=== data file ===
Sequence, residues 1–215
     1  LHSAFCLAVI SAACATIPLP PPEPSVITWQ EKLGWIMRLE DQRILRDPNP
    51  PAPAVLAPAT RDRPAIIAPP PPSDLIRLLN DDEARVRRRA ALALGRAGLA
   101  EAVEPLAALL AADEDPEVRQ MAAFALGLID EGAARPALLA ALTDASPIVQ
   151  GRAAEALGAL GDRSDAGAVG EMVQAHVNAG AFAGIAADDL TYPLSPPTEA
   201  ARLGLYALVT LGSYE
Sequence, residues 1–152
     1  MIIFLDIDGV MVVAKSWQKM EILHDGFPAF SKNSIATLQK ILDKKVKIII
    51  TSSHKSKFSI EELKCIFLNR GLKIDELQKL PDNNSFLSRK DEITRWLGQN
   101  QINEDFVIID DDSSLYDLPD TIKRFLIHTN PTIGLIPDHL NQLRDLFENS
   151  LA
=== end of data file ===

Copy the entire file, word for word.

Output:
Sequence, residues 1–215
     1  LHSAFCLAVI SAACATIPLP PPEPSVITWQ EKLGWIMRLE DQRILRDPNP
    51  PAPAVLAPAT RDRPAIIAPP PPSDLIRLLN DDEARVRRRA ALALGRAGLA
   101  EAVEPLAALL AADEDPEVRQ MAAFALGLID EGAARPALLA ALTDASPIVQ
   151  GRAAEALGAL GDRSDAGAVG EMVQAHVNAG AFAGIAADDL TYPLSPPTEA
   201  ARLGLYALVT LGSYE
Sequence, residues 1–152
     1  MIIFLDIDGV MVVAKSWQKM EILHDGFPAF SKNSIATLQK ILDKKVKIII
    51  TSSHKSKFSI EELKCIFLNR GLKIDELQKL PDNNSFLSRK DEITRWLGQN
   101  QINEDFVIID DDSSLYDLPD TIKRFLIHTN PTIGLIPDHL NQLRDLFENS
   151  LA